Develop your project by focusing on the intrinsic rewards, basically what you learn and the value of the final product in your own life, and you have continuous motivation that can carry you to the end.

    To the point in the OP, it helps tremendously if you wait 3 days after getting an idea. This gives the hedonic adaptation a chance to wear off, and at the end you can make a rational decision. During this time, carry around a notebook and sketch out the project – making changes and improvements as they occur to you. No project comes into the world fully formed, and making improvements in the beginning will save you a lot of time later.

    Having a well-defined and visual representation of the project goals (after the 3-day period) also helps tremendously with project completion. It programs a goal-seeking section of your brain (reticular activating system – google that) that encourages you to finish. Having just a “general feel” of where you want the project to go won’t do that, and it makes completion much harder.

  7. Even the github graveyard has some value, when I look for examples for a particular case, I almost always dig up some bones of fossils repository that help me going further. My own success is often based on other peoples attempts, even if neglevted, unfinished, awfully written.

  8. Open source projects are not paid full time job, so there are very little incentive for it nor actual dead lines.
    Looking at my own projects, the ones that get done are always out of my needs. I don’t do trivial me-too stuff. I picked hard projects so that I can push myself. I am more likely to run into a few barriers on the software side or lost interest.
    With COVID affecting components availability, shipping, cost of living and stress, I don’t think my projects would get anywhere.

  9. I have been doing lots of workshop cleanup lately. And you know what I find in many of my mystery boxes? Unfinished projects. Only a small fraction are worth finishing. Some I have no interest in any more. Others I would do now in an entirely different way. Every one of them had its time and place and taught me something. Every time I pitch one out, it releases something in my mind I didn’t know was there.

    So yes, I would disagree with the idea of putting more hurdles and beaureaucratic BS into the lives of hackers as a methodology for finishing projects. Just say no to that kind of stuff.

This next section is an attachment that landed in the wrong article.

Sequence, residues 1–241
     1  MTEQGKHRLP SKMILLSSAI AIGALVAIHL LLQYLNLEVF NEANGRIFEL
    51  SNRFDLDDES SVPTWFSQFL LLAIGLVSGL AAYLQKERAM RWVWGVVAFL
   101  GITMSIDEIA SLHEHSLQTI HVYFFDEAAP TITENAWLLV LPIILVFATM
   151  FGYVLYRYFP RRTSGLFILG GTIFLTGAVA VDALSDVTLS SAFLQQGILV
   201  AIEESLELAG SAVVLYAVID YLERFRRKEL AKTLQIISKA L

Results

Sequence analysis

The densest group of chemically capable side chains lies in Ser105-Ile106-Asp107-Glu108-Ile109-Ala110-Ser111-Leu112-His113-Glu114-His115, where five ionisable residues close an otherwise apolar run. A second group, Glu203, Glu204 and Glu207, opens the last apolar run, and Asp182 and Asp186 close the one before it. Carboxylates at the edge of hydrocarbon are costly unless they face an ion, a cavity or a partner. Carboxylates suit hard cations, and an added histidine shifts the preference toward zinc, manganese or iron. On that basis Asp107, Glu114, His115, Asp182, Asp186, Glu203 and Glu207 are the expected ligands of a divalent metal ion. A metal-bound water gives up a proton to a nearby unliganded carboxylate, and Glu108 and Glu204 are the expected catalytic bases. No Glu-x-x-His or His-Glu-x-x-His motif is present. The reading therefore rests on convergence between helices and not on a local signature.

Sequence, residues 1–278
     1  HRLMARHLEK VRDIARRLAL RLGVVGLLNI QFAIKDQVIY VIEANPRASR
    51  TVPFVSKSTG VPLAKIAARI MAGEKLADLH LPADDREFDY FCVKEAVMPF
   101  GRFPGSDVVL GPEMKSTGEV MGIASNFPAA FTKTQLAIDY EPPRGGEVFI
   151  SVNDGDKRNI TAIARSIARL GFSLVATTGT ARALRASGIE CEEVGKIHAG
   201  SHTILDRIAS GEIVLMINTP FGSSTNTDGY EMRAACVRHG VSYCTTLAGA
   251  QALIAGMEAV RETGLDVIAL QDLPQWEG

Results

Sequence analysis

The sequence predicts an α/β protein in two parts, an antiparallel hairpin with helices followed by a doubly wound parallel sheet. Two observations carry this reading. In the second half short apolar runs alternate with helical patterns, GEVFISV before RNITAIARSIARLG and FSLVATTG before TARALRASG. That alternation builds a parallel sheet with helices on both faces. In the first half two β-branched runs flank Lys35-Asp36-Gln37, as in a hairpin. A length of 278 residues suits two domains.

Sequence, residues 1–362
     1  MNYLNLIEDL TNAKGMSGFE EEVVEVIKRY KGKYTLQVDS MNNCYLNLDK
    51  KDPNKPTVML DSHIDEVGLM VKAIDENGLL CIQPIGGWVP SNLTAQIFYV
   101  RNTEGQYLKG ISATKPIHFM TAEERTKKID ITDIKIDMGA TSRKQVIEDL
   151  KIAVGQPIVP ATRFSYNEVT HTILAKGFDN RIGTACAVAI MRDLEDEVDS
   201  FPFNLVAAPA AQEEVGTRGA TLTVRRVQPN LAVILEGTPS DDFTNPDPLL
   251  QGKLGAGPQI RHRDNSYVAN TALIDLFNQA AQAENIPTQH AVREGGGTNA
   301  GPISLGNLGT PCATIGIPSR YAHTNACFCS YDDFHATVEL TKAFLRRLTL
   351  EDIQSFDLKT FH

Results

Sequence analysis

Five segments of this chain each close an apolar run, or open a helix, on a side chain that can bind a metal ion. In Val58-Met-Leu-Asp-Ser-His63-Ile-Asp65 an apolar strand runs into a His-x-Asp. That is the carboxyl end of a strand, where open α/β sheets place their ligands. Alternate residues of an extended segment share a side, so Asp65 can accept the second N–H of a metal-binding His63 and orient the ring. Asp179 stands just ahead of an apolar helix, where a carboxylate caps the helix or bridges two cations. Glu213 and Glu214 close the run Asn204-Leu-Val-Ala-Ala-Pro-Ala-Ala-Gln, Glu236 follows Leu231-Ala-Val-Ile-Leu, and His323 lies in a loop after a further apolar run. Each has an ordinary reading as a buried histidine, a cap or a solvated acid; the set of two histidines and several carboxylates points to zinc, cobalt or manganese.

Comments in code. I write these only for myself. Comments contain information that a competent programmer could not get from the code itself or would have great difficulty doing so. This is a whole ‘nuther topic. I have found comments in code I wrote 10 or 20 years ago (that I wrote) and thanked myself a thousand times for writing them. I have found treasures in comments written by other people. Discouraging comments (Linux kernel, I am looking at you!) is penny wise and pound foolish.

  10. you know, when i was in college i had to struggle to learn how to quit, how to drop a class if i didn’t like the prof, or to drop out of a bike race when training started to harsh my buzz (the team collapsed around me and saved me the trouble). but i don’t think i’ve ever felt any hesitation or regret about dead personal projects.

    my projects are almost exclusively useful, or to-be-used, even the proof-of-concepts. like, last week after the hackaday article about print-in-place slide puzzles, i designed&printed one of my own to break the ice on print-in-place, a technique i’d never tried. it was a 3×3 and even my 7yo figured it out the first evening so i printed a 3×4 to refine the print-in-place characteristics, and to see if it would be easier or harder to play (it’s almost the same, but more engaging). wife and i have both pretty thoroughly mastered the genre, playing with it this past week. the toy is almost boring and i’ll probably never print another.

    so a lot of my projects with no recent changes, they simply work. i check in changes when i buy a new laptop and have to recompile them all from source against modern libraries.

    others get abandoned because i stop having use for it (i haven’t used my soft synth in years, i have been playing acoustic instruments). or because i find/make a better tool (i’ve made and discarded so many unsatisfying interpretters and compilers). but that doesn’t feel to me like the project died, just that the soul of the project moved from one repository to another. i made a DAW (audio sample cut & paste & mix) 23 years ago that i found profoundly disappointing to use. i used it nonetheless the few times i needed one, and now i’ve designed its successor and i don’t consider that abandoned, it’s merely waiting for a contiguous block of free time. 22 years in between with no progress, and i wouldn’t call it abandoned. hah!